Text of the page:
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‘Don’t Ask’ repeal faces delay, uncertainty

Gates warns Congress not to act; protesters arrested for third time at White House

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Supporters of repealing ‘Don’t Ask, Don’t Tell’ have turned up the heat on President Obama in recent weeks. Sunday’s White House protest marked the third time in two months that activists were arrested while demanding action on repeal. (Washington Blade photo by Michael Key)

In the wake of Defense Secretary Robert Gates advising Congress to delay taking action to overturn “Don’t Ask, Don’t Tell,” LGBT advocates remain committed to pushing for repeal this year, but have expressed differing opinions on the best way forward.

In an April 30 letter to House Armed Services Committee Chairman Ike Skelton (D-Mo.), Gates says “in the strongest possible terms” that the Department of Defense must be allowed to conduct its review of lifting the ban on open service before Congress takes “any legislative action.” The report is due to be completed Dec. 1.

Gates says “a critical element” of the review is engaging the armed forces and military families and noted that those in service “must be afforded” the opportunity to share “concerns, insights and suggestions” about the proposed change.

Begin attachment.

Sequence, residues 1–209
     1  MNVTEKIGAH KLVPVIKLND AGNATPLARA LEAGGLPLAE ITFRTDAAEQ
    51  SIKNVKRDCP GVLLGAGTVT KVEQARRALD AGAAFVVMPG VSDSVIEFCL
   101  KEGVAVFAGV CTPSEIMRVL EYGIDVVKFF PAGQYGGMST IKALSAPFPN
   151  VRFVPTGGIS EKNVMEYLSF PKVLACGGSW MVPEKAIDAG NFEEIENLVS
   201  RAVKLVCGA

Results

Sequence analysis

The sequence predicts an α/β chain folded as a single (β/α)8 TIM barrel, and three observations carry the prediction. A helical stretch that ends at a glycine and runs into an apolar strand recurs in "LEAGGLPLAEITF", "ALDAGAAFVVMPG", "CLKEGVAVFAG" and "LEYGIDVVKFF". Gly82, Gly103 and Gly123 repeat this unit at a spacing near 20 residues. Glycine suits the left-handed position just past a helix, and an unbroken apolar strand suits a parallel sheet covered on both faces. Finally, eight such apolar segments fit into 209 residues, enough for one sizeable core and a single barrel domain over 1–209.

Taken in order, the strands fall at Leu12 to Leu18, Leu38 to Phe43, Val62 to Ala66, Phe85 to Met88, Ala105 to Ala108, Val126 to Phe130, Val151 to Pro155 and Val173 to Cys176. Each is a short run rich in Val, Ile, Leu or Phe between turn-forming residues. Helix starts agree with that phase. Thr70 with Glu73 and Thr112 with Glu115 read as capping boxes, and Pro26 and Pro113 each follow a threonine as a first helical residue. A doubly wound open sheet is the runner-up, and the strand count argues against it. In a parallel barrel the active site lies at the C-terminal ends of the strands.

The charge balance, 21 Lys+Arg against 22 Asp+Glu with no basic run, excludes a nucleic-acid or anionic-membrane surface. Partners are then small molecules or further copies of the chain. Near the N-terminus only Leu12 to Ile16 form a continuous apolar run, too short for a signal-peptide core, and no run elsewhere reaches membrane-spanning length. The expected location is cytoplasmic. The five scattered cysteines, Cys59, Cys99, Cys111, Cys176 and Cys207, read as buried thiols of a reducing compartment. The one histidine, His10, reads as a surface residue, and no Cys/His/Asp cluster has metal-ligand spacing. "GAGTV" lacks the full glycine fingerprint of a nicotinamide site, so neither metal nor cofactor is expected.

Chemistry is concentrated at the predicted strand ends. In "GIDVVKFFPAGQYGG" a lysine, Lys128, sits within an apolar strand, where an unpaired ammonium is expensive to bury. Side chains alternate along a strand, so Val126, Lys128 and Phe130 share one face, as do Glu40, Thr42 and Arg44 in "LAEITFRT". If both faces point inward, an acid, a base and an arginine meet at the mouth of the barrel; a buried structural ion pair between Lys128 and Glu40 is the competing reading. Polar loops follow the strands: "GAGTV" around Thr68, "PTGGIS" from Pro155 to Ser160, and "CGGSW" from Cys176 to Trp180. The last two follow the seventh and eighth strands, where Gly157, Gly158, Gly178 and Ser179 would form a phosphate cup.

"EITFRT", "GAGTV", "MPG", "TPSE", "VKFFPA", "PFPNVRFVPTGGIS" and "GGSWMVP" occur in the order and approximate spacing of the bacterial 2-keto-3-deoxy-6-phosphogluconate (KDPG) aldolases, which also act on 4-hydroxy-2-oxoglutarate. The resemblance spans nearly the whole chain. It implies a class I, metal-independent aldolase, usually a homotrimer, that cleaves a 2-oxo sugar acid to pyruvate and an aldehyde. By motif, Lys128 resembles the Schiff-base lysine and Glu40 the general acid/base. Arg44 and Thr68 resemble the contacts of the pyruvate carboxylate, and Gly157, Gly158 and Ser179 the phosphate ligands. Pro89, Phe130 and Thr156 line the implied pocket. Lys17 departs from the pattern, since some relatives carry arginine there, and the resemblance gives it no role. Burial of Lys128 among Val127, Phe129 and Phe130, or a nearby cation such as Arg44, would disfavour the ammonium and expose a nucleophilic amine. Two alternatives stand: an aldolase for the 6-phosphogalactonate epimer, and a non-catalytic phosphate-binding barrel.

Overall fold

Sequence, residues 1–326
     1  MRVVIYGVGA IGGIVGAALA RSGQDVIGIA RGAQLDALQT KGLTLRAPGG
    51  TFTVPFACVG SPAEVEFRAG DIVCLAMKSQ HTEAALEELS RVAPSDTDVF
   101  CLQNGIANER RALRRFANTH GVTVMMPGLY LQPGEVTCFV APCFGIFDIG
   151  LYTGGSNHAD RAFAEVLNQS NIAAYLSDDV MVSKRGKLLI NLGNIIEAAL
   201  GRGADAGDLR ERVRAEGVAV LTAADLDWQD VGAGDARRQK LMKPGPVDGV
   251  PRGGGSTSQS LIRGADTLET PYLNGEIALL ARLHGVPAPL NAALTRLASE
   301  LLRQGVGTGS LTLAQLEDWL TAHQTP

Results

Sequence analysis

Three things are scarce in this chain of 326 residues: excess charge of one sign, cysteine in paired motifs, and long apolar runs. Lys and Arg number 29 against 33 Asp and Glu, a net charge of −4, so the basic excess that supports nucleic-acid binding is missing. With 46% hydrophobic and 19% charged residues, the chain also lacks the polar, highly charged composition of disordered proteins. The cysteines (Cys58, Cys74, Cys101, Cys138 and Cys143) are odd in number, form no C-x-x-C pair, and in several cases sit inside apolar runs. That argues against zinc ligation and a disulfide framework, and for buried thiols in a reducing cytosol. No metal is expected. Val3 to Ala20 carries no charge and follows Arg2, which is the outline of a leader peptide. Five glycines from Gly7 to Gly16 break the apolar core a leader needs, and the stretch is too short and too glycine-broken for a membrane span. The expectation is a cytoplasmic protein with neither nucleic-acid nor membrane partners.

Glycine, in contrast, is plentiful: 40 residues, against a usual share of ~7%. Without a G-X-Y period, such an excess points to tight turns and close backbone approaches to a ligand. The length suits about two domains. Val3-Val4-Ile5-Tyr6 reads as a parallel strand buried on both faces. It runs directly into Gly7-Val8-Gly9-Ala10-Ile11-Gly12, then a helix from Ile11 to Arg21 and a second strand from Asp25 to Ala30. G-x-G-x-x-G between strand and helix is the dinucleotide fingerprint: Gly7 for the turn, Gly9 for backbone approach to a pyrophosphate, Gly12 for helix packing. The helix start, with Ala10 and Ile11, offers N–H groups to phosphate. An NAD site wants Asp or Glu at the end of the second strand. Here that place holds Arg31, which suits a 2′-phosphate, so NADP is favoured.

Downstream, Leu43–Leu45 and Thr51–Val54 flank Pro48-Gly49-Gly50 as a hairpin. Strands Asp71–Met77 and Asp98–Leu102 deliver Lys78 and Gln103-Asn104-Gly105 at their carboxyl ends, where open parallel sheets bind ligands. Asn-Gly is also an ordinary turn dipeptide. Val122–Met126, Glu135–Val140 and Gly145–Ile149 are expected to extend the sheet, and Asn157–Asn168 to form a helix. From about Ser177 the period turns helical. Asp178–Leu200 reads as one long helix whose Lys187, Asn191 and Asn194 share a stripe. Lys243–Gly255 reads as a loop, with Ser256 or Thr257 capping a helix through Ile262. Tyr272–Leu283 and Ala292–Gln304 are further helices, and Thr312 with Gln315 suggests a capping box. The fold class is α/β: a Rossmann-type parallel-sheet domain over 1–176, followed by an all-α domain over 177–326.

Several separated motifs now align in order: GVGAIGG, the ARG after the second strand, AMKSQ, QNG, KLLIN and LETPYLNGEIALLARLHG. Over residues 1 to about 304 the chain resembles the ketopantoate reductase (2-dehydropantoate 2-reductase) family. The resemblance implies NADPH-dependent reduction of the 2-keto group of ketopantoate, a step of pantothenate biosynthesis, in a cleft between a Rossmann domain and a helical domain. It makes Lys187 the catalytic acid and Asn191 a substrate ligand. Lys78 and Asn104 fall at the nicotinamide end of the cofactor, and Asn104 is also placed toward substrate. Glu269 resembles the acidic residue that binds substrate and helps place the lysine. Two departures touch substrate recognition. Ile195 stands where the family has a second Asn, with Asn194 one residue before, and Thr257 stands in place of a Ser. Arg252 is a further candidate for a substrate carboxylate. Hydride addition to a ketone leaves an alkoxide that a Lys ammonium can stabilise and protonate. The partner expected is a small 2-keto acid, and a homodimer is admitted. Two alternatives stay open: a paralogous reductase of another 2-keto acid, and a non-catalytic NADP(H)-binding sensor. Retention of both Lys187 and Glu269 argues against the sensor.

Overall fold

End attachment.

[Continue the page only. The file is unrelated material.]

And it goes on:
“Therefore, I strongly oppose any legislation that seeks to change this policy prior to the completion of this vital engagement process,” Gates says. “Further, I hope Congress will not do so, as it would send a very damaging message to our men and women in uniform that in essence their views, concerns, and perspectives do not matter on an issue with such a direct impact and consequence for them and their families.”

In a statement responding to the letter, Shin Inouye, a White House spokesperson, said President Obama’s commitment to repealing the ban on service “is unequivocal,” but noted the White House is on board with delaying implementation of repeal.